I feel like I usually have a fairly good idea on what a movie is about just from the premise. Not specifically every twist and turn, but for the most part I can watch a trailer and figure out if the movie's going to be a trainwreck or not. And I absolutely expected Becky to be a disaster. All you have to do is look at Mr. Kevin James and the swastika tattoo on the back of his head! Paul Blart as a neo-Nazi, trying a serious role? Bound to be a disaster. So imagine my surprise when this movie was not only not bad, but actually kind of good...
I honestly don't know what to say about this movie. Neil Breen is an auteur with a specific vision on the merging of humanity and advanced technology, and he wants to share that vision with us. Doesn't matter that he's an awful filmmaker and his movies are utterly incomprehensible, I guess.
I will never not be amazed at how some movies just... sneak past me. Like sure, movies come out all the time and sometimes I'm just not paying attention, but how did a movie from 5 years ago starring Mr. Jake Gyllenhaal and Mr. Ryan Reynolds slip by? And it's a sci-fi horror? This feels like an intentional slight and I will not stand for it.
Trailers lie all the time. Sometimes it's for good reasons, like Avengers: Infinity War hiding how many Infinity Stones Thanos had when he fought Captain America. And sometimes it's for bad reasons, like Slender Man cutting a bunch of scenes that would explain what the hell was going on while apparently forgetting that they were left in the trailers. Then you have a movie like Run which lies like a fucking pro.
I had the option to watch something good for today's post. Friends have recommended Make the Yuletide Gay to me for a while now, but for whatever reason I just wasn't feeling it at the moment. No, I was in the mood for something absolutely awful. Just some utter dogshit. But because it's December--Christmas Eve today, in fact--it has to be festive. Well good thing there's Red Christmas, a movie about an aborted fetus that survived and seeks revenge on his mother (Mrs. Dee Wallace). No, this isn't the only "survived being aborted" movie, and yes, I'll get to Hanger someday. But today we talk about Cletus the fetus in this movie that's barely about Christmas.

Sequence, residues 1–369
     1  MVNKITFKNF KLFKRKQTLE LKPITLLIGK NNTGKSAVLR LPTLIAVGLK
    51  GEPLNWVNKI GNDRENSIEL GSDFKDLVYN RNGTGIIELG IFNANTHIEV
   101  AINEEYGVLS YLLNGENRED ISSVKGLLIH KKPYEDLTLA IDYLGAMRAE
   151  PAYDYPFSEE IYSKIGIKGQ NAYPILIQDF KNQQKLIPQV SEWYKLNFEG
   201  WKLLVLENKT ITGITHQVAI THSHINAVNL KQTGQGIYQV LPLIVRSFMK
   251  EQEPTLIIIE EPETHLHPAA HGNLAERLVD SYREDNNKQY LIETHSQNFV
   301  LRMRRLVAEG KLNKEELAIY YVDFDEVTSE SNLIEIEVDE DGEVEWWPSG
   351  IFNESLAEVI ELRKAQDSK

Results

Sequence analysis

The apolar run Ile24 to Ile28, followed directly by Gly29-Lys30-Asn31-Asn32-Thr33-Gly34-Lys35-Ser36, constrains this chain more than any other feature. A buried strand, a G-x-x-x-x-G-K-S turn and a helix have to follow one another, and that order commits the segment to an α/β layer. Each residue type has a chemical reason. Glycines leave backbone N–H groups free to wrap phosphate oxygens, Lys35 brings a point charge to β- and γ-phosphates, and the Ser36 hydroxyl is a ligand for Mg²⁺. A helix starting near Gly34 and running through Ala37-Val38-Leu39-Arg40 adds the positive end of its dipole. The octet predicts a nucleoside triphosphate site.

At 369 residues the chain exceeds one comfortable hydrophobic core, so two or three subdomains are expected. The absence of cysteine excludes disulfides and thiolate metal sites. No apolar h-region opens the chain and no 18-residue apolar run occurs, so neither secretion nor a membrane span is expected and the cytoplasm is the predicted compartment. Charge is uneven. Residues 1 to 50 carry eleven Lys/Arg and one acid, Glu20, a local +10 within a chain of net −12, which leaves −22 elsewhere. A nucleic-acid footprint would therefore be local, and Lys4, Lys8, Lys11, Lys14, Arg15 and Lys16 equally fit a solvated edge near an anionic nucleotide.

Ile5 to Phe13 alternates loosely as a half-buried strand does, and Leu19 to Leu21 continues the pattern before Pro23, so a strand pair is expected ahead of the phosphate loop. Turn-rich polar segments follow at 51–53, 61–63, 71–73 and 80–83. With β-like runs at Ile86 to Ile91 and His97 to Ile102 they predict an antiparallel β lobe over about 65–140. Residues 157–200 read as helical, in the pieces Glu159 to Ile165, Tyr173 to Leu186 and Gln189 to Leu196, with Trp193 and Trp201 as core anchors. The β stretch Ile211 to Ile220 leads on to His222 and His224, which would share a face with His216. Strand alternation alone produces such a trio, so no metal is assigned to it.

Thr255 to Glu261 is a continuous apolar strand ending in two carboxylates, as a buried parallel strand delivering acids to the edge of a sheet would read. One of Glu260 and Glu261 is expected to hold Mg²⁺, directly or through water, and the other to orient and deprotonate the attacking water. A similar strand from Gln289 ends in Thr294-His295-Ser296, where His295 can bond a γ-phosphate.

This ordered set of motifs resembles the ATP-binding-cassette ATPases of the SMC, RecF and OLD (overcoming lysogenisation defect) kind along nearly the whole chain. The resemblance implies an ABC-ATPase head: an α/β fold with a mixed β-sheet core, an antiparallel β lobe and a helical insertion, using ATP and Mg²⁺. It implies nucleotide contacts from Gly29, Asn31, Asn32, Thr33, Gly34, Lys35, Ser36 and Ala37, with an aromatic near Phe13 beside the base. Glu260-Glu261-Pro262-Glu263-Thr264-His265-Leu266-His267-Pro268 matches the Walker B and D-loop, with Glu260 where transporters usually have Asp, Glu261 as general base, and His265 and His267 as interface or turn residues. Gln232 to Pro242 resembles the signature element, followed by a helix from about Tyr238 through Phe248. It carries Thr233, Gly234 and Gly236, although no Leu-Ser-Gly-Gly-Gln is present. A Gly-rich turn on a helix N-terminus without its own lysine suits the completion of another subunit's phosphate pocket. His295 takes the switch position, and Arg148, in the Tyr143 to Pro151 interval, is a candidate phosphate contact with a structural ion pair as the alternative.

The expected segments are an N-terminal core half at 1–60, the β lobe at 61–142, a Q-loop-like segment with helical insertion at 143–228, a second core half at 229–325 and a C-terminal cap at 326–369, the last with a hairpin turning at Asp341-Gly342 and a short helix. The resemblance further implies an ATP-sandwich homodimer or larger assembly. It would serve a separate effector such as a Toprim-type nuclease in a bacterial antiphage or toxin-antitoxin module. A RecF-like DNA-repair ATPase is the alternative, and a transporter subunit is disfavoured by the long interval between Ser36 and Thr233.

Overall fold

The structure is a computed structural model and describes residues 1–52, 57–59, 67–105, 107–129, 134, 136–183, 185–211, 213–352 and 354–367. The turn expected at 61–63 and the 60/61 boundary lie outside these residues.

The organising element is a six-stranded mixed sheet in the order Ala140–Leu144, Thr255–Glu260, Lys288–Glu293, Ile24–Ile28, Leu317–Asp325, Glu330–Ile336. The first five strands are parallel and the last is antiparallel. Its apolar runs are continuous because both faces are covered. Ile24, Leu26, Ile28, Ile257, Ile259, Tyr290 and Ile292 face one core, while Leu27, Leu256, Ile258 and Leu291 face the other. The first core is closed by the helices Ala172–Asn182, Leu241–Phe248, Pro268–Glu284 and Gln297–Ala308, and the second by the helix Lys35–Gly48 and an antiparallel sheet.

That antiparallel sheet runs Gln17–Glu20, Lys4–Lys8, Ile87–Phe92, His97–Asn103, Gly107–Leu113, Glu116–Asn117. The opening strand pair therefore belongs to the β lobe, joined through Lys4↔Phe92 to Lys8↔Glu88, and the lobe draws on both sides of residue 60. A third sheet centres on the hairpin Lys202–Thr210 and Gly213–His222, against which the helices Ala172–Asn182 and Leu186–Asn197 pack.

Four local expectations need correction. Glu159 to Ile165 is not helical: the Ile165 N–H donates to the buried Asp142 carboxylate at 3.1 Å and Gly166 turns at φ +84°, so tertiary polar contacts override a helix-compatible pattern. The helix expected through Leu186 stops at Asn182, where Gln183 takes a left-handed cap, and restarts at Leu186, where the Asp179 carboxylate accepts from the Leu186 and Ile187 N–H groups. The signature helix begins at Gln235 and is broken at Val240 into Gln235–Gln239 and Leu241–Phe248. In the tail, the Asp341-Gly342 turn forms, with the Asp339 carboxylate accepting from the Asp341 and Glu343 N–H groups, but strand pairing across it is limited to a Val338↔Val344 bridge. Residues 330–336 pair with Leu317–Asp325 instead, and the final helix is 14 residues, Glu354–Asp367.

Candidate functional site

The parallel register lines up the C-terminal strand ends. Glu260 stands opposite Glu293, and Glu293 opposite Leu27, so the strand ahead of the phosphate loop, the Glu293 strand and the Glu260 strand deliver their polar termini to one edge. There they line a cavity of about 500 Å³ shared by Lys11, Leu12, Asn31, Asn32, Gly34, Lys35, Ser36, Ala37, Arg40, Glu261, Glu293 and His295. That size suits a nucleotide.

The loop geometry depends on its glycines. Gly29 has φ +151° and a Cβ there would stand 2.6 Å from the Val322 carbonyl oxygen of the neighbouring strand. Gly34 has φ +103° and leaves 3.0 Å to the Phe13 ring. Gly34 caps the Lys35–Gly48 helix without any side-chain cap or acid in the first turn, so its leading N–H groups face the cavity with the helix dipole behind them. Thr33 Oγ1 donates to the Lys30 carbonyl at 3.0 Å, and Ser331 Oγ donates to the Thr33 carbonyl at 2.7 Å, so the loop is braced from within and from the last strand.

It's December, which on this blog means... more Caligari movies? Hm. Last year, December was nothing but Christmas and/or winter holiday movies, but this year I'm breaking that pattern up a bit. See, I've been meaning to do these three Caligari movies for months now, so I'm forcing myself to do them now. Santa and all that will be coming eventually, but so will at least two breaks from the format since Spider-Man: No Way Home is coming out this month and there's another, non-winter movie I watched that I want to talk about. With that out of the way, let's dive into The Cabinet of Caligari, a movie hampered by its title.
Every movie is somebody's least favorite movie. That's just the law of averages, in my mind. I can look up just about any movie generally regarded as "good" or "a classic" and find 1 star reviews saying it's boring, or just sucks. But while most people can safely ignore idontknowiknowthatidontknow's review of The Shawshank Redemption, "if this film is #2 of all time, then i am Jesus Christ returning to burn this trash," big names saying they hate a movie they actually were in is worth noticing. Case in point, Mrs. Jamie Lee Curtis has said on multiple occasions that Virus is the worst movie she's ever been in, which is a bold claim to make about a fairly okay movie.
Normally when covering Higurashi no Naku Koro ni: Kai, AKA When They Cry: Kai, I talk about an entire arc in one post. Well, Mass Slaughter is eight episodes long, so welcome to part two! Let's start with a brief recap of what happened in the first four episodes: Rika is aware she's stuck in a neverending time loop of the same days over and over until her eventual murder. After around a hundred years of this, morale is in the dumps. Doesn't help that her invisible friend, the horned Hanyu, is a pretty big fatalist as well. Moping about the inescapable nature of fate to Keiichi, Rika is surprised when the boy stands up and forcibly changes how things are supposed to happen. Bolstered by new hope, she rallies her friends to save Satoko, her best friend who is trapped with an abusive uncle. And that's basically where we start this second half of episodes.
So far with When They Cry, an anime about kids trapped in a never-ending loop of death, the longest story arc has been Eye Opening with 6 episodes. I managed to cram all my thoughts into one big-ass post, but there was a real concern at the time about the overall length. Well, now we're in the second season, Higurashi no Naku Koro ni: Kai, AKA When They Cry: Kai, where the arcs' lengths varies all over the place. Reunion was just a single episode, while the arc I'm starting today--Mass Slaughter--is eight. That's absolutely too long for one post, so welcome to part 1! Expect the next several posts for the show to be broken up in similar ways for shorter reads and less stress on my end.
It's time once again to talk about Higurashi no Naku Koro ni: Kai, AKA When They Cry: Kai, the second season/series. We've learned a bit about the time loops the main characters seem to be stuck in, but so many questions still remain. We know that one girl in the friend group--Rika Furude--is keenly aware she's trapped in these loops, remembering each and every one. What does it all mean? Why is the village of Hinamizawa trapped in this unending loop of misery and death? This arc, Disaster Awakening, does not answer those questions at all, but it does provide us some new answers! And also more questions. So many more questions...